Her next move as her senior year unfolds is to balance her demanding workload with applications for her congressional nomination to the academies, one of the most crucial components to her college applications. She also plans to retake her candidate fitness assessment, necessary to her top choices’ applications: West Point, The Coast Guard Academy and, possibly, The Air Force Academy.
The Potential Recruit: Nate
At first glance, nobody would guess that Nate is an athlete dedicated to being recruited: he works as hard as he can at school, studies diligently and prefers spending time with his friends over everything else. However, the latter is nearly impossible to fit into his busy schedule, filled with about 18 hours of swimming and lifting per week.
His athletic career started nearly nine years ago when he began swimming competitively, but Nate’s decision to pursue recruitment occurred his sophomore year.
“I kind of knew in the beginning of freshman year that it would definitely help me in the college process,” Nate said. “And I like [swimming] enough to continue it for the next four years, so it’s kind of always been assumed that I would continue into college.”
Once he knew that recruitment could be a potential option for college admissions, he began emailing coaches and practicing each day until he finally reached a competitive enough level to be realistically considered in May.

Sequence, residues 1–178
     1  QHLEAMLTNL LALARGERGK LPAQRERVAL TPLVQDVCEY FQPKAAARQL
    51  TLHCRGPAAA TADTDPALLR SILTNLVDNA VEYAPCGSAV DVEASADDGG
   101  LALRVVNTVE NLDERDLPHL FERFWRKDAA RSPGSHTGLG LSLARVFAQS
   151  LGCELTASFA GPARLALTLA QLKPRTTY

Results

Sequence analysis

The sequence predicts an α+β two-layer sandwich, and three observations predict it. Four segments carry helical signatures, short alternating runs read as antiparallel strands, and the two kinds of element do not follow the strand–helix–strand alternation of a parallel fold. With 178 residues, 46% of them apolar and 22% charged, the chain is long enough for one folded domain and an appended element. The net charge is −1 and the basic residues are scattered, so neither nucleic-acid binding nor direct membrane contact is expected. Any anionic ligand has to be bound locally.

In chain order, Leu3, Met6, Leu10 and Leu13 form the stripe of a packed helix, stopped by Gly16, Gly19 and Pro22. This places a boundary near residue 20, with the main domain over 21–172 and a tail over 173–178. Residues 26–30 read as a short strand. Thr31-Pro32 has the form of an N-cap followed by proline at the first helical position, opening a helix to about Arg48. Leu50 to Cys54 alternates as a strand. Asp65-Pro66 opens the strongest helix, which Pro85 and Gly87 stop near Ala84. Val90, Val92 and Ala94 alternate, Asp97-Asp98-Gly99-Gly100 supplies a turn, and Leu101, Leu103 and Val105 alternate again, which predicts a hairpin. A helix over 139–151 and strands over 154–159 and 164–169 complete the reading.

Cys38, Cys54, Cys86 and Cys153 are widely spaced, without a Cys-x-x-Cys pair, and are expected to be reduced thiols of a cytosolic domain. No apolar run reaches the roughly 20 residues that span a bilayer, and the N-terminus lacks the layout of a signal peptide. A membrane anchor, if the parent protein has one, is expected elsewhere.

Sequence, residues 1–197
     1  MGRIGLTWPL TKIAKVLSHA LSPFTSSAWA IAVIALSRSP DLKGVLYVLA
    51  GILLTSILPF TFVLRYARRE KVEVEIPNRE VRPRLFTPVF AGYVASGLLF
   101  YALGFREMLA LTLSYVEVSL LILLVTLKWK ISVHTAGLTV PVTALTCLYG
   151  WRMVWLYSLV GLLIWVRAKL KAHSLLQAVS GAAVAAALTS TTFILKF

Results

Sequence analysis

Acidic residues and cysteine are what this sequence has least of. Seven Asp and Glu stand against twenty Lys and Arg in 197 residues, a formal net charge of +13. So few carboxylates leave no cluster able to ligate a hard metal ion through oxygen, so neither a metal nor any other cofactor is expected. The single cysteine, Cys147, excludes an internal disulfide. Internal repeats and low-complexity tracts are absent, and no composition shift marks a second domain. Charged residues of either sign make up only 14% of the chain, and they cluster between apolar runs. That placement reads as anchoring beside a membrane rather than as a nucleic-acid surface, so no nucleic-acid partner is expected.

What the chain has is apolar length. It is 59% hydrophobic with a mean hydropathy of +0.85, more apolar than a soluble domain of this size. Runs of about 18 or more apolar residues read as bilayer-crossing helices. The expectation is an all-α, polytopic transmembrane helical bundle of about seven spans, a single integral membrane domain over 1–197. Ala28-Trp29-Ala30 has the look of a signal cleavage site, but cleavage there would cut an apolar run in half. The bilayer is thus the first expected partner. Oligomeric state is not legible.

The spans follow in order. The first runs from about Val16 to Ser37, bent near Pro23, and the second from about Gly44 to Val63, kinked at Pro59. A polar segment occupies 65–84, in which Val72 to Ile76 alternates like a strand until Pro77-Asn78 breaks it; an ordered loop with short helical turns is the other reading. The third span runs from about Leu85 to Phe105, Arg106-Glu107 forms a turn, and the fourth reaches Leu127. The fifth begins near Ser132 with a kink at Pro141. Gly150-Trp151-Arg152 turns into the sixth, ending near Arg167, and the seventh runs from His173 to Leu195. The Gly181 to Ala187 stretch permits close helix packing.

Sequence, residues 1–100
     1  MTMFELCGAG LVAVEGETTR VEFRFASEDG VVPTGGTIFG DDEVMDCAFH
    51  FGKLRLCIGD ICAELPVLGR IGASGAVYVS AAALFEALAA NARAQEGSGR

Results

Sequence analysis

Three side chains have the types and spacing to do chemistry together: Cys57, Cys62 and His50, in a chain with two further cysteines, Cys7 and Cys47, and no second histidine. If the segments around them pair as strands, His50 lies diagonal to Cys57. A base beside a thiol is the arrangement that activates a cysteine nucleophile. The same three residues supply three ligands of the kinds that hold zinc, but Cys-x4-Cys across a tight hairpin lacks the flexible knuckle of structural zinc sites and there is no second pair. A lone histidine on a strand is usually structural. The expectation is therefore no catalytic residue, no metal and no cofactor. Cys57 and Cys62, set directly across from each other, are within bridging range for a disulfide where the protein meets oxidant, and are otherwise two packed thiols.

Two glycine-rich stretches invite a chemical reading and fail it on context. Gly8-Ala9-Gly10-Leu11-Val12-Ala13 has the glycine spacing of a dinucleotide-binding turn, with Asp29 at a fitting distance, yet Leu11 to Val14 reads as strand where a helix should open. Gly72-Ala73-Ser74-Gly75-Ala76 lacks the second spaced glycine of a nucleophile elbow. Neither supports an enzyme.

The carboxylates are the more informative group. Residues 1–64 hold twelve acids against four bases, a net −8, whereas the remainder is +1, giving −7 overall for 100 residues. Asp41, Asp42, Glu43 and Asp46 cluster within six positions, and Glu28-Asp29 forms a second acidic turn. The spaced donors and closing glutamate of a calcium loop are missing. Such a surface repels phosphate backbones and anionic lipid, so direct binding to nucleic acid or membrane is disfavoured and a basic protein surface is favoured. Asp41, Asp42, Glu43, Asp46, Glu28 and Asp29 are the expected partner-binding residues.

To best prepare himself for showcases, Nate spent his summer training nearly twice as much as he’s able to during the year, attending practices sometimes twice a day. His practice season ended in the beginning of August with a three-week break before jumping back into routine practices in September.
Preparing for school, Nate said he is most concerned with his ability to balance practices and recruitment trips with his workload. Because recruitment trips could be his best shot to be noticed by colleges, he said he will need to prioritize his swimming performance sometimes over his academics. For now, Nate is hoping to catch the attention of Williams College, Amherst College, The Massachusetts Institute of Technology, Brown University or Pomona College.
The Audition Applicant: Christopher
Christopher said he has loved music for all his life, but only a year ago did he step into the realm of musical theater and fall in love with it.
For kids like Christopher looking to pursue music in college, the application process comes with a few added obstacles, including video and live auditions. Luckily for Christopher, the preparation process doesn’t include much more than doing exactly what he loves.
“With musical theater, over the past year I’ve just been getting more experience,” Christopher said. “But for music, I’ve always been writing or adding cover songs so that I can have a lot of possibilities when it comes to choosing songs for auditions.”
For most performing artists like Christopher, he will need to have three songs (a cover, an original and another of choice) recorded in a video audition to submit with his early action application by Nov. 1 and with his regular decision applications in January. He will also need to prepare a musical arrangement in the event of getting invited to audition live, which only a few schools offer or require.
Christopher said he isn’t particularly stressed in the face of senior year, as he’s used to balancing his musical career with his work as a student. He said his current top choices include University of Colorado Boulder as an early action plan and USC Thornton School of Music as his regular decision favorite.
**Names have been changed.